EU told it must act on teams’ F1 complaint

2015 F1 season

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The European Union has been urged to act on a complaint from two teams that it may have violated competition rules.

Force India and Sauber confirmed last week they had formally complained to the EU about how F1 is being managed.

Caterham sank at the end of 2014
The EU’s Commissioner for Competition Margrethe Vestager is now being urged by Labour MEP for the South-east Annaliese Dodds to act on the complaint.

“We have already seen the EU getting left behind as the US and Switzerland launched an investigation into FIFA,” said Dodds. “Following complaints within the sport of F1, the EU must take the lead on a sport loved by many across Europe.”

“We have already seen Caterham and Marussia, two Oxfordshire-based teams, being forced to close. In Caterham’s case, this involved the loss of many dozens of highly-skilled jobs. Lotus, also based in Oxfordshire, has also been in financial difficulties and is in the middle of a protracted take-over with Renault.”

In a letter to the commissioner this week, Dodds said the teams’ complaint indicates F1 may be in violation of Article 101 and Article 102 of the Treaty on the Functioning of the European Union.

The teams have objected to the favourable financial terms and greater role in the rule-making process given to some teams. However Dodds also queried whether it was proper for the FIA, as F1’s regulator, to own shares in F1 Group.

“It is very unusual for a regulator to have a financial stake in what it is regulating,” said Dodds. “Recent developments are akin to the Food Standards Authority taking a stake in McDonalds, or the Health and Safety Executive buying up a factory.”

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    32 comments on “EU told it must act on teams’ F1 complaint”

    1. Indeed, we all know for years rules and governance of FIA and FOM are dirty… But hard to find a law they violate. There is no law dictating racing should be good and money should be spread equally.

      1. There is no law is not about fair racing. Bu there are laws about fair competition. Considering that the Strategy Group, FOM, FIA and Bernie isin’t allowing fair competition through contracts, extra deals, and centralized power, there is indeed a case.

        1. Yes, there is a case, lets hope good enough for EU to take action… And something different than 10% revenue fine. Still imagine FOM just moving to Singapore….

    2. Imagine a restaurant owner who clearly has a financial stake in his restaurant making the house rules. Unbelievable..

      We need an EU-office making the rules for F1, I am sure that would make F1 awesome.

      1. FIA does not own the teams. They are just a regulator of everything motorsport and really shouldn’t be owning any shares in a particular motorsport.

        1. @rojov123

          They are not “just” regulators. It is not called “FIA Formula One World Championship” for nothing. It is their thing, and just as a cinema owner demands its customers to switch off their mobile phones during a movie, so the FIA as owner makes the house rules of F1.

          1. The fact it is the fia f1 world championship is reference to the fia as the regulators of the sport not the owners of the sport. There are several fia championships world wide and I’m not aware of any others where the fia has shares in the commercial rights. The reason why regulation and commercial rights are kept separate is that formula 1 is a sport and therefore must maintain its sporting integrity. Consider for instance if the fia has to make a decision to the detriment of a popular team which could impact future commercial profitability, there would be a clear conflict of interest.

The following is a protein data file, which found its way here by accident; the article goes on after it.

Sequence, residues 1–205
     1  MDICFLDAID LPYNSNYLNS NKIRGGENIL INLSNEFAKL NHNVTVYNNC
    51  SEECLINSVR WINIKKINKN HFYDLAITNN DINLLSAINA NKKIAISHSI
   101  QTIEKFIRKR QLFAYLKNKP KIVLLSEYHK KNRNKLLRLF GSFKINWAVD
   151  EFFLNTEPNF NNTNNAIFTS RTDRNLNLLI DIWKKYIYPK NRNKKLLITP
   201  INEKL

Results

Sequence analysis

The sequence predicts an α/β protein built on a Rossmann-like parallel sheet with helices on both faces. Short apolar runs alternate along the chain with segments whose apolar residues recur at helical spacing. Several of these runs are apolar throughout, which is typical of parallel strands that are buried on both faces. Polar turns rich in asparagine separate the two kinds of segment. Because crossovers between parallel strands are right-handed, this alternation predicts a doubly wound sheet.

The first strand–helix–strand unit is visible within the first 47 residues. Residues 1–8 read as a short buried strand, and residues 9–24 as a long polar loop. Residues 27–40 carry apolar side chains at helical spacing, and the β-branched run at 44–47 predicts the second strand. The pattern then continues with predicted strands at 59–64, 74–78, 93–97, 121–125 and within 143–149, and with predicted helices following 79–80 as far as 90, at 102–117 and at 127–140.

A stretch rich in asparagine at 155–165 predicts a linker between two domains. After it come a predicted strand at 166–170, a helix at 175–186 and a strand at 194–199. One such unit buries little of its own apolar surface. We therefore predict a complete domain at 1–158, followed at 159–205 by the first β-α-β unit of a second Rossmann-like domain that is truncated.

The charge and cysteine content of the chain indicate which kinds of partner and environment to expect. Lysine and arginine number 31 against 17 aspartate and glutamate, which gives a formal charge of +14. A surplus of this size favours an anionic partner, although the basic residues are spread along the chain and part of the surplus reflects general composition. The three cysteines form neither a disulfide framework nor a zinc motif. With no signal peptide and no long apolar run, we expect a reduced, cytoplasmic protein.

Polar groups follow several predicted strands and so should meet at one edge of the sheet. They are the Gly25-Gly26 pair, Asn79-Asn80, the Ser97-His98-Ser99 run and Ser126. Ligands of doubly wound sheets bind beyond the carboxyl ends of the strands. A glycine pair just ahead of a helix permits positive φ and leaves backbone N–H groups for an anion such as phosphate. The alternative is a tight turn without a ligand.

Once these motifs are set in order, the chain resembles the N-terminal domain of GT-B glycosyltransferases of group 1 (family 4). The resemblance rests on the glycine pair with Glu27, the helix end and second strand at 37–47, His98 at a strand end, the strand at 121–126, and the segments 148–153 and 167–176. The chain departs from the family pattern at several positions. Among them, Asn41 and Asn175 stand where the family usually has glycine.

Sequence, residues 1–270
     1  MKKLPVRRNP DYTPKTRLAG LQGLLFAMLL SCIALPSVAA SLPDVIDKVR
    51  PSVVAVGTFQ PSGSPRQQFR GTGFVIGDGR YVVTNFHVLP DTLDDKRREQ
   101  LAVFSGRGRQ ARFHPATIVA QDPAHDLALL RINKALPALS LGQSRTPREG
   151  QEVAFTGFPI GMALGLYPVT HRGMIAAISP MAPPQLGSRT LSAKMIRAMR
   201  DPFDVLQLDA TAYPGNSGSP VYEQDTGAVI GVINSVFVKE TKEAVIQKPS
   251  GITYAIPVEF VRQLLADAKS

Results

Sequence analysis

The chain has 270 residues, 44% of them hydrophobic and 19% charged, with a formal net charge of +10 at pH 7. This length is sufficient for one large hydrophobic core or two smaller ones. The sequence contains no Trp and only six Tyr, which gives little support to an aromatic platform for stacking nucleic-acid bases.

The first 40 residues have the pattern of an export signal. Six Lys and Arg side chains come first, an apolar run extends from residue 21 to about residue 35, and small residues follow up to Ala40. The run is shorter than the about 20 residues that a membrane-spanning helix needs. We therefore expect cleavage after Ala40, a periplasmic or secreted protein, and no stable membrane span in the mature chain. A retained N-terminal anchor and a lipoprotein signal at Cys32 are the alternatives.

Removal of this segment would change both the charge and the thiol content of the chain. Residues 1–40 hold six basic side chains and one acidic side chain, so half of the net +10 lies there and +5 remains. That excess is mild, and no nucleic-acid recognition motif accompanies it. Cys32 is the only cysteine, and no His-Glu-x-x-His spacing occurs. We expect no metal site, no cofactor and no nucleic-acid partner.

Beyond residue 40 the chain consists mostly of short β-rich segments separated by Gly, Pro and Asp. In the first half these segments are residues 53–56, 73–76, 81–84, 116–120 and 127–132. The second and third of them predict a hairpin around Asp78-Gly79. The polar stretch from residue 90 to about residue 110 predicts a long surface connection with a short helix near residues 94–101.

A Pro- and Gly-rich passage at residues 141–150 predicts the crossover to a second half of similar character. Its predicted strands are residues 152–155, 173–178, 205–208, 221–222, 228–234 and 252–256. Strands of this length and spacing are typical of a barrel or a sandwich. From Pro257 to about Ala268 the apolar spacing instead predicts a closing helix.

2. With you on that first centence. But after that you make a failure in your reasoning. The fact that the EU let the FIA govern this sport as the SOLE regulating body for Motorsport and F1 (instead of having other federations compete with them like we have competition between cinemas, and indeed restaurants), means that the FIA has an obligation to uphold a fair competition and also means the FIA was forbidden from taking an interest in the commercial exploitation of the sport (an EU ruling/agreement based on earlier complaints). That was why the FIA sold FOM the commerical rights in the first place @skylien

          3. @skylien
            I am not saying that FIA are not part owners of F1. They are. But the question is should they be allowed to be? FIA is the governing body for motorsports. Not just for F1. They have to have equal interest in other motorsports a well. But currently, they do own shares in F1. It is indeed a conflict of interest.

          4. @rojov123, @bascb, crowspite

            No, as long as they are the owner of all those racing formulas, there is no conflict of interest, because for the FIA as owner there counts only one interest, its own. There is no other interest that they have to follow, of course they have to honor all the contracts they signed. They have to decide how to balance different racing series. It is like VW who also owns Audi. If they start making cars with Audi that look like Golfs, and are completely like Golfs, and therefore create two cars for the same market, it is their decision. They lose money for this bad business decision.

            Guys imagine you create a racing series tomorrow, who is to decide the formula for it? Only Porsches, or open wheel, or mini bikes vs monster trucks, which tracks etc? The FIA? No, obviously it is you, since are creating it, so you are making the rules for it. And if next year you create a second racing series, what is then? Then it is the same. If you, for the sake of the argument, make a racing series which is a carbon copy of the first one, then this is just your decision if you cannibalize the fans of your first racing series. It is just a stupid business decision and will make you lose money. And if you want you can just shut down any of those racing series, or sell the rights of them to someone else, or you can run them profitably (= fans like it!) or badly (= fans abandon it)…

            And it should be clear that to have some “ordinary” independent racing team in your series will cost much less, than getting Ferrari in it. That is pure negotiation. You don’t have EU bureaucrats with you when go buy a used car to watch if the price is “right”.. What is the right price? It is the price which both parties agree on and sign the contract. Period.

            1. Sorry, but it seems you completely miscomprehend private ownership and cometetion rules @skylien.

              A company, organisation or who-ever is not allowed to operate a monopoly (like running ALL racing series, all energy suppliers, the sole operating system etc) under either EU law, nor US law etc.

              The FIA was only allowed by the EU to continue to be the sole awknoledged regulator (i.e. a monopoly position) on the provision that they would NOT be involved in the commercial side of the sports and remain an impartial regulator.